In other words, they are acting like shepherds who allow themselves to be led by the sheep.  Which, in turn, are following the wolves in sheep’s clothing - straight to the slaughterhouse (see “Ostriches, Sheep and Sardines,” Oct. 1999 Sydney, Australia, lecture, and Chronicles magazine column - “A Bear in Sheep’s Clothing”, Dec. 1998).  

For, using our flag for commercial purposes is a crass, disrespectful, disgraceful, despicable... desecration of everything for which the Old Glory stands.  Even the Wall Street Journal acknowledged that (see "Marketers Tread Precarious Terrain", Feb. 5).  Business leaders should be educating the public about the real patriotism and dignity, not pandering to the crowd's lowest instincts.

Besides, a war economy is not necessarily good for everyone’s business, as America’s industrial warmongers would have us believe.  Airline, health care, tourism, transportation, insurance, IT companies… are only some among several industries whose leaders should be voicing their dissent but aren’t. 

In fact, few American executives are even bothering to define their unique business interests, let alone oppose the direction in which they are being pulled by their noses by “death merchants’” and oil companies’ Washington proxies.  Given the herding mentality that’s now pervading our country, like the American people, most business leaders feel dissent would be considered “unpatriotic.”

This writer hangs his head in shame.  Again.  This time, as an independent American businessman.

Because a herding mentality and blind one-mindedness have led to creations of yesteryear’s bogeymen, like Adolf Hitler.  The moment business leaders and the German people stopped questioning and started obediently following their popular leader in the 1930s, their fate was sealed.  Are Americans today making the same mistake?

One comforting thought... “Don't be afraid of anything except of sin,” His Holiness, Serb Patriarch Pavle, counseled this writer in September 1995, right after NATO commenced its first bombing of the Bosnian Serbs (see “Orthodox Patriarch Leads by Example,” Washington Times, Feb. 9, 1997).  For, God “will weigh everything precisely and fairly,” he said. 

Including the sins of globalist “elites,” such as Ken Lay and Enron’s Peons.  And the stupidity of the “panem and circenses” (“bread and games”)-infatuated materialistic masses.  And the cowardice of business leaders who fail to lead. 

In the end, we will all get what we deserve. 

Happy bargain hunting!

Bob Djurdjevic


Enron's Croat Connection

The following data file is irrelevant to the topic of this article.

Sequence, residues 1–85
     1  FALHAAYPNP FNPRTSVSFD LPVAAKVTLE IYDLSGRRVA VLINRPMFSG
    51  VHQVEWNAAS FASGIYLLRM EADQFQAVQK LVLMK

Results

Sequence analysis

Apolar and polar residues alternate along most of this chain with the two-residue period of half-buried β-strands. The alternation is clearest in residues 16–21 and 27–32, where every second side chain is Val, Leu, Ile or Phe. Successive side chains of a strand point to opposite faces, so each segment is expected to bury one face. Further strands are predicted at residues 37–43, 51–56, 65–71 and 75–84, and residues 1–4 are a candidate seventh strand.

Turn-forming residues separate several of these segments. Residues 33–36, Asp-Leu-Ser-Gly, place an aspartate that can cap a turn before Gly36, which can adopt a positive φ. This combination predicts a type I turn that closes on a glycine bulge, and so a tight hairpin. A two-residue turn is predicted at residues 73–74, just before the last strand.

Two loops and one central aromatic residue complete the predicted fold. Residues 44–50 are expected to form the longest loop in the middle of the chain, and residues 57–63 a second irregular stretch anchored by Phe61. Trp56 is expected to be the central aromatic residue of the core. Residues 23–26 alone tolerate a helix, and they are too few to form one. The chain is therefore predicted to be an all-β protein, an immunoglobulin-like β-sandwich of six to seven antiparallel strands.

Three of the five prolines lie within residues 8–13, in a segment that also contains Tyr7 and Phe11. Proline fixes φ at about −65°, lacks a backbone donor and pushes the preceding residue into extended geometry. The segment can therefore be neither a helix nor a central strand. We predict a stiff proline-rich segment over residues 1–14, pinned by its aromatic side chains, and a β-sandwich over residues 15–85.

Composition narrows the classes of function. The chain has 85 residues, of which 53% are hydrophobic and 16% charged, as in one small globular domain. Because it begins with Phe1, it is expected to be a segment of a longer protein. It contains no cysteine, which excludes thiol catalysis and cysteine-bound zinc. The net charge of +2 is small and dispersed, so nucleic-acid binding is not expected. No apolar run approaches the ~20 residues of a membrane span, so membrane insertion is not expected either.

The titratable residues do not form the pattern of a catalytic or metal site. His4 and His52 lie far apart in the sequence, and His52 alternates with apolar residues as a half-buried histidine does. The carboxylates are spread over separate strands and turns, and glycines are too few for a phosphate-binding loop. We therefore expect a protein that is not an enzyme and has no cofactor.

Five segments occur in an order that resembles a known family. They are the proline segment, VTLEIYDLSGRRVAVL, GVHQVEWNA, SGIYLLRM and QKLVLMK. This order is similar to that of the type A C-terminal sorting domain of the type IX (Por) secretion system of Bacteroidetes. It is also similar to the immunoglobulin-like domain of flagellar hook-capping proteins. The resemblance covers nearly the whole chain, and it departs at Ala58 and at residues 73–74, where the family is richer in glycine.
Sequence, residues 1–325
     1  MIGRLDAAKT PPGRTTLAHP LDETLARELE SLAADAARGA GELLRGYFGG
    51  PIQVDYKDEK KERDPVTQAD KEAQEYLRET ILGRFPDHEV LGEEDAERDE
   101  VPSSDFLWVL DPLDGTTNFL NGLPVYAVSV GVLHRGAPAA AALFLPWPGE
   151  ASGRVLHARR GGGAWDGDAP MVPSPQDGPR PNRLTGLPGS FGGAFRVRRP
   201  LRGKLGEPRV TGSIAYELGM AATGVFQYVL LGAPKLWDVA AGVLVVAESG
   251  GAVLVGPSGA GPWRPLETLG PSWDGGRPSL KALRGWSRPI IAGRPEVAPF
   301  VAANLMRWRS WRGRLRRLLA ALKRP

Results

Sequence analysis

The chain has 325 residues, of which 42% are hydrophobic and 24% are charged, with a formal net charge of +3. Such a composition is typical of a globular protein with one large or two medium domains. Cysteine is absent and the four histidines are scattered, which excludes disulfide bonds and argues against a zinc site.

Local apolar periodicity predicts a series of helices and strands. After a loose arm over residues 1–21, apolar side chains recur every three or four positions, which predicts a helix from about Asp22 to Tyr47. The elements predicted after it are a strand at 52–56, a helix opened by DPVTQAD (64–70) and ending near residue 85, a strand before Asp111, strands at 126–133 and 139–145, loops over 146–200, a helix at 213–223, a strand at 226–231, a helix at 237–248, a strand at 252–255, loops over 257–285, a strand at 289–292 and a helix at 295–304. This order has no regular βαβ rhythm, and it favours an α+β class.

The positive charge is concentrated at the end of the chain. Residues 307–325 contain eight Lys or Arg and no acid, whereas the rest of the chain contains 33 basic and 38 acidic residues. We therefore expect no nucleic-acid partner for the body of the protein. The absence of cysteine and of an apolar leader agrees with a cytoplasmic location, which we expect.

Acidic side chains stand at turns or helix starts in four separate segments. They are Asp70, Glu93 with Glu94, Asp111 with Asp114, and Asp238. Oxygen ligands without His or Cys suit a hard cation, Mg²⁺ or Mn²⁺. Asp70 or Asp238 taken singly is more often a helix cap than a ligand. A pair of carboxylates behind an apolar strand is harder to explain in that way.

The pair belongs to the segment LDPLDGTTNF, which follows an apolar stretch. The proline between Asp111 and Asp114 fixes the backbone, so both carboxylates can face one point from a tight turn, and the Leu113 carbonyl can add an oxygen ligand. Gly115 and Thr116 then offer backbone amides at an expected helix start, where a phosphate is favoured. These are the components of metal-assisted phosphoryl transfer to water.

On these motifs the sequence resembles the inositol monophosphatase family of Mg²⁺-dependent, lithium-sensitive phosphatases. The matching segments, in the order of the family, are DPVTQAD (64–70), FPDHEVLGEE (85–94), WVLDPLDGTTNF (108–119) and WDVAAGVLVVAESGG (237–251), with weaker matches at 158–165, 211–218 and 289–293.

BUDAPEST, Jan. 31 - Just how wide and deep the tentacles of Enron’s corruption have reached can be also seen from a Jan. 31 story in the Financial Times (London), filed from Budapest.

“In one meeting, Mr (Franjo) Tudjman (Croatia’s late president) asked Joseph Sutton, head of Enron's international operations, how much influence his company had with the US state department and whether it could arrange WTO (World Trade Organization) entry,” the FT writes.  "Mr Sutton said he could not promise WTO membership, but guaranteed that Enron and the US would lobby for Croatia's entry into the WTO, Partnership for Peace and Nato."

Tudjman even tried to link the Enron deal with avoiding arrests by the International War Crimes Tribunal at the Hague over the his and his government’s war crimes against the Serb minority in this small Balkans country. 

Here’s an excerpt from that FT report:

The Enron collapse may have finally ended a long-running scandal over relations between the US energy company and the semi-authoritarian government of the late Croatian president, Franjo Tudjman. 

Mr Tudjman, who led Croatia through independence, negotiated a controversial memorandum of understanding with Enron before his death in December 1999. It would have given Enron rights to build a power station in Croatia and run it for 20 years, selling electricity to HEP, the state electricity company, at above-market rates. 

Questions about the deal intensified after Mr Tudjman's death and the election, in January 2000, of a democratic government. Tapes of conversations show that Mr Tudjman hoped giving Enron the contract would secure political favours, including a state visit to Washington. 

After renegotiation, Enron is thought to have retained the right to build a power station and sell electricity to HEP at above-market rates, though lower than previously. That contract expires this summer, though details are unclear due to confidentiality agreements. 

Enron's power deliveries to Croatia ended on November 30, when other European deliveries ceased. The power station has not been built.  The deal's legacy, however, may be the light it sheds on Mr Tudjman in his later years - and on Enron's readiness to and play along with his fantasies. […]


Croatia had been isolated politically - particularly by the European Union - over treatment of Serbs during the offensive that ended its war of independence.

For the full FT story, see “Enron’s curious Croatian client”.


Also see… “End of Folly, Not of World” (Annex Bulletin 2001-18, Sep. 26, 2001)














































Volume XVIII, No. 2002-04
February 4, 2002

Editor: Bob Djurdjevic
Published by Annex Research
e-mail: annex@djurdjevic.com

P.O. Box 97100, Phoenix, Arizona 85060-7100
TEL/FAX: (602) 824-8111